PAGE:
The Duke of Kent is involved with over 140 different charities, organisations & professional bodies which cover a wide range of issues, from commemorating the war dead, to fostering the development of British technology & industry. His Royal Highness undertakes numerous engagements each year in support of these organisations, both in the UK & across the Commonwealth.
The Duke of Kent is passionate that future generations should be encouraged to remember the sacrifice made by so many during the conflicts of World War I & World War II.
The Duke has been President of the Commonwealth War Graves Commission since 1970, an organisation that commemorates Commonwealth servicemen & women who died in the two world wars, & cares for memorials at 23,000 locations in 154 countries. The Duke remains closely involved with their work & travels widely to visit the sites.
"WWII anniversaries are now an occasion for joint remembrance: an opportunity to pause & reflect on the horrors of war; to mourn & commemorate those who lost or gave their lives; to display our solidarity with those who survived"
- The Duke of Kent
In April 2015, The Duke visited Australia & undertook a full programme of Commonwealth War Graves visits. His Royal Highness visited Centennial Park Cemetery & West Terrace Cemetery in Adelaide, & attended a Service at the Shrine of Remembrance, in Melbourne. As part of the trip, he also attended the ANZAC Day services at the Australian War Memorial in Canberra & took part in the ceremony to remember more than 140,000 Australian, New Zealand, British, Irish, Allied & Ottoman servicemen who died during the Gallipoli campaign, in the 100th anniversary year.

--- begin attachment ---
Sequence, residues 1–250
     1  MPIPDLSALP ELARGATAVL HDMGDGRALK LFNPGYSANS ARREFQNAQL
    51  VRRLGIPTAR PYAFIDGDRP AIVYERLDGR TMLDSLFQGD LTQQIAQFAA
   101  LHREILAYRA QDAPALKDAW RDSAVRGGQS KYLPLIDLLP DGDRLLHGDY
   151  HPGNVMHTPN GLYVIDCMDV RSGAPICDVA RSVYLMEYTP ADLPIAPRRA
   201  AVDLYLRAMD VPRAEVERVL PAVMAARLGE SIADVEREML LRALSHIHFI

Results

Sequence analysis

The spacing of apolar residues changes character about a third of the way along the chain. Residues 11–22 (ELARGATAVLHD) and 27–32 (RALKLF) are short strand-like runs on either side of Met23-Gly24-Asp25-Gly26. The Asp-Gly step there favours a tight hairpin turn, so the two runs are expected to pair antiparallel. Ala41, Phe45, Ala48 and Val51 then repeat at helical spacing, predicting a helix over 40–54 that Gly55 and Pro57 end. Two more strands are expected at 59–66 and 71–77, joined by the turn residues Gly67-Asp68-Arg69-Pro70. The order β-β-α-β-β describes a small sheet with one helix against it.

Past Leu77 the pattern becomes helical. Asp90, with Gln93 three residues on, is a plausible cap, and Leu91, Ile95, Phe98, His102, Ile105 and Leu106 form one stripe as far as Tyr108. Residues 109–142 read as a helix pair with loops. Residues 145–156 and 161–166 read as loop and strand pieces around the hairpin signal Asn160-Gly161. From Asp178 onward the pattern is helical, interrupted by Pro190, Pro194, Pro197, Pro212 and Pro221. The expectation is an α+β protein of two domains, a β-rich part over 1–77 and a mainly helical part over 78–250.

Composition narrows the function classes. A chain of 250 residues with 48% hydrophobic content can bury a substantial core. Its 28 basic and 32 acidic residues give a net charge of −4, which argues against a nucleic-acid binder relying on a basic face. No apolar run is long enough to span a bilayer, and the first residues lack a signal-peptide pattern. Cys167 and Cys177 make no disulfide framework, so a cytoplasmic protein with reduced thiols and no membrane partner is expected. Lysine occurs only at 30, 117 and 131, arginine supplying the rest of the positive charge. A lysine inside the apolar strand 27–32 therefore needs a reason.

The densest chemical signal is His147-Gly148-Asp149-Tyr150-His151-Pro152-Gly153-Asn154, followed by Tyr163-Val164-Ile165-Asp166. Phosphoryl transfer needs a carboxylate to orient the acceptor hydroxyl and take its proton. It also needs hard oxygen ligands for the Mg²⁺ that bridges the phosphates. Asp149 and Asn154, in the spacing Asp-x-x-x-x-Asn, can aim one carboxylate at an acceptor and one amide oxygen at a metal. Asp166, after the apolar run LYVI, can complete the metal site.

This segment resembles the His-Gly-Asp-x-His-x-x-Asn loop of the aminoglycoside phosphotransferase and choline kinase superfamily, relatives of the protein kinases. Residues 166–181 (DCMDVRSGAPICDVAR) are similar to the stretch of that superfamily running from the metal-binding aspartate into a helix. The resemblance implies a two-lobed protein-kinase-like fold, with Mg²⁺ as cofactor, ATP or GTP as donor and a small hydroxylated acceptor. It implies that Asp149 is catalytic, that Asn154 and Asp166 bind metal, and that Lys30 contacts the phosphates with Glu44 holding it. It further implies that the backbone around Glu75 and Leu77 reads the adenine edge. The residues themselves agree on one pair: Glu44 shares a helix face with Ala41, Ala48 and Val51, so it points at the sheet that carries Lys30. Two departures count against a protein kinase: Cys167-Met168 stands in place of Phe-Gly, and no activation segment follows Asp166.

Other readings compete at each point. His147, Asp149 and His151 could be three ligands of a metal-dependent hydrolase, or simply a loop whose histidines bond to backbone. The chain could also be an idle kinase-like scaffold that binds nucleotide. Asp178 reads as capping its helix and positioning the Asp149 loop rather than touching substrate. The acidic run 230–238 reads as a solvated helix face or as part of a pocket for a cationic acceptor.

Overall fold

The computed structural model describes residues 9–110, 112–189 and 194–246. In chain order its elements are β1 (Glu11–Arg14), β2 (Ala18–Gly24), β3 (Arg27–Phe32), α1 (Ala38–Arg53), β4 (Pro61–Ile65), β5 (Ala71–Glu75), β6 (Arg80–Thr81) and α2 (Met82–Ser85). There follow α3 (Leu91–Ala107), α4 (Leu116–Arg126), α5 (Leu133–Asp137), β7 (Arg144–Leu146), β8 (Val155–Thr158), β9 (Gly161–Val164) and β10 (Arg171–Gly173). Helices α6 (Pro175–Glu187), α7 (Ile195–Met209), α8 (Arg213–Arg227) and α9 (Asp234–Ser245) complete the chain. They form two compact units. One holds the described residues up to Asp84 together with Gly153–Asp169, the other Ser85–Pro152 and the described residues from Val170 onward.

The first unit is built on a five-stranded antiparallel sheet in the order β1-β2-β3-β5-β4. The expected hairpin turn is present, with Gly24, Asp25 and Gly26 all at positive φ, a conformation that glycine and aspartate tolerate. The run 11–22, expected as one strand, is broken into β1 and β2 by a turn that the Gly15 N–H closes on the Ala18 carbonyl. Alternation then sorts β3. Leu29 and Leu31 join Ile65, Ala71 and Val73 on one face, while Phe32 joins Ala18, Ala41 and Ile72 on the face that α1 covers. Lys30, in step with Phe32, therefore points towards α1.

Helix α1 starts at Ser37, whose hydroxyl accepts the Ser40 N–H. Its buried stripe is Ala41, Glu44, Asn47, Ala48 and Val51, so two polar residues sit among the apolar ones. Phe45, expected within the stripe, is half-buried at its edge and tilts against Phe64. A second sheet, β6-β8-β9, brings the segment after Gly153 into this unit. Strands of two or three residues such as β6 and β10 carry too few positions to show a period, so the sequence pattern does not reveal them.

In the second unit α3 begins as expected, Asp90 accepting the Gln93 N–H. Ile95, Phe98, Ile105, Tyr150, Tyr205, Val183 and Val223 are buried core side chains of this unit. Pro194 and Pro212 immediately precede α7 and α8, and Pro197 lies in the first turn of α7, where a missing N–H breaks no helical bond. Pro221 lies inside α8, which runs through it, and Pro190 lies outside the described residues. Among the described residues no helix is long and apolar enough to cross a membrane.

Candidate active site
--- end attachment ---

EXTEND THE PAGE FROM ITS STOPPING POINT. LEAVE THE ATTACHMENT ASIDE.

In 2014 The Duke of Kent also visited Commonwealth War Graves in Belgium, Ireland & Bulgaria. The Duke of Kent has been President of the Board of Trustees for the Imperial War Museum since 1974 in this role he lends his support to exhibitions & keeps informed about the developments for the museum.